If you fear this will take all the joy out of your life, there is a third possibility: re-purpose some of your treats and desirable experiences such that they serve both your startup and to enhance your personal joy. Founders, rightly or wrongly, are not often able to separate work and non-work in ways others can. The approaches that work often address this peculiarity of the founders’ existence. Some call it leveraging, I call it maximising several of your life’s purposes in one go.

But since life is less than black and white, this week we have some tips, gathered from the trenches, which will hopefully give you a spur to more creative ideas. Some of these tips may not be new to the more experienced founder.

First off, we cannot manage what we do not understand or measure. The very first thing to measure and track is your weekly spend. Tracking gives us data, and data can help us make smarter choices in many instances. I once asked a founder, with a professed love of a specific drink at Starbucks, to estimate how much money she spent on Starbucks annually. The number was eye-watering. She then chose a two-pronged strategy: she now makes her coffee at home using ground coffee and a cafetière, and she holds work meetings in Starbucks so she can occasionally treat herself, while writing off the expense as a legitimate business expense (check business expense rules in your country with your accountant before applying this blindly).

Second, get creative, and discover “free” or “freemium”. Identify the business costs that you can keep low. Do you really need that co-working office space, or can you work from your home or shed in early days? Communication costs can be reduced to quite low with generous free minutes on mobile plans but it may be wise to keep them for making those calls, where you cannot use Skype or WhatsApp-to-Whatsapp calling. Identity the business-critical stuff you cannot afford to lose and make backups. Some of the best established project management tools such as Asana and Basecamp get you started with a free account, sometimes with limited features and you can then upgrade to a paid plan for additional features and more projects. New tools come along with free offerings, but be alert to their data export policies in case they go bust and you need to move to a different platform. Did I say make backups?

Third, manage your costs of training, learning, and staying up to date with stuff essential to your business. Most publications these days tweet out their best pieces. The web gives access to a lot of materials on software skills to business news. This column series is a good example of such materials. Find libraries, ask friends to give you their subscription copies once they are done.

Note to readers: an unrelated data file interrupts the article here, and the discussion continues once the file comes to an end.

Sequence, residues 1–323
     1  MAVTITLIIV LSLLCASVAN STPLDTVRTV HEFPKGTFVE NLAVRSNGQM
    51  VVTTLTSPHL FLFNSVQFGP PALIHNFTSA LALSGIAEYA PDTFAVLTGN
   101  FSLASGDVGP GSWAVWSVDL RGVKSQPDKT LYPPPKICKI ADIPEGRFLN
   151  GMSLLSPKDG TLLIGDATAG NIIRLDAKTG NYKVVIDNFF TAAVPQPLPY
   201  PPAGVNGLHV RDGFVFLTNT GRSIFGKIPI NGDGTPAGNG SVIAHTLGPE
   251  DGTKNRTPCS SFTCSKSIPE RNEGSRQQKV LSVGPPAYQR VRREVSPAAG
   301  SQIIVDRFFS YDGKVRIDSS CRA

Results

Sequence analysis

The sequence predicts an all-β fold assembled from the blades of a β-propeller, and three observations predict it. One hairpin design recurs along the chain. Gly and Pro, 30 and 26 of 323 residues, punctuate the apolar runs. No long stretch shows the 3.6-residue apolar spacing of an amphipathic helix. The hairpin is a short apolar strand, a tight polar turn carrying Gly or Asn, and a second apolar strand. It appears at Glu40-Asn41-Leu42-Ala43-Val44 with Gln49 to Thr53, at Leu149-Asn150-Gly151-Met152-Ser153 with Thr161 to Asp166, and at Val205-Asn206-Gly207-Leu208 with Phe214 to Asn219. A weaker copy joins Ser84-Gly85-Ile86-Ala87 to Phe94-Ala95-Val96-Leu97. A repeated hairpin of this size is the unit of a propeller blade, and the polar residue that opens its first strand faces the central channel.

Fourth, in doing all this, do not be penny-wise and pound-foolish. Do not scrimp on coming across as a professional, whether it is how you dress when you meet a potential customer, advisor or financier, or whether you turn up on time. I can see some of you rolling your eyes at this. Perfectly fine, if you feel comfortable turning up to meetings with a customer, while not showered, wearing clothes that smell, and late! Remember in the early days, founders are always selling. Choose the impression you want people to take away.

Finally, get a grip on tax rules for business expenses. Ask your accountant. Write off every single legitimate expense. This should not be hard if you have paid attention to the point at the beginning. Getting a grip on what you are spending is essential to staying within a shoestring budget.

In the next column, I will address a question I hear very often, my advice on the issue, and the reasons for it.

Startup on a shoestring: building the MVP

This article is the sixth in the Startup Series on FirstPost’s Tech2 section and first appeared on Nov the 15th, 2016.

“You may be a business man or some high-degree thief,
They may call you doctor or they may call you chief,
But you’re gonna have to serve somebody”.

Nobel Laureate Bob Dylan is not known as a business advisor but his words are worth pondering.

A startup may be your dream, your personal pain point, your vision but unless you find enough people to say “yes, we share this pain too” and “yes, we will pay for the pain to go away”, there will be no startup beyond your dream. This is where building the Minimum Viable Product (MVP) comes in.

An MVP, as founders will know, is a bare-bones prototype that can be used to test if the dream should remain a dream or if some elbow grease may help its realisation. Its value in getting early adopters in is significant.

Early adopters are different beasts, psychologically speaking, from later adopters. They get your drift, your vision; they will use a less than perfect product and give you feedback; and you will gain several things. You will gain some early champions, you will get to see how the product works in the hands of actual users not just the people who designed it and how it needs to change, and you will get a better idea of what you need by way of talent to drive the startup.

Open source tools and cloud services enable quick building up of MVP for web based services. But not all startups are building web services or apps. How does one build an MVP for a physical product? As the following examples show, the web can be immensely useful in these contexts too.

Svaha-USA makes STEAM-themed clothing for children. Some mums asked them for STEAM themed dresses. Before swinging into action based on some feedback. Svaha-USA chose to test the wider market by setting up a crownfunding campaign for their first such collection. Not only was the campaign oversubscribed, they built a new following and now STEAM themed dresses for mothers are an integral part of their offering.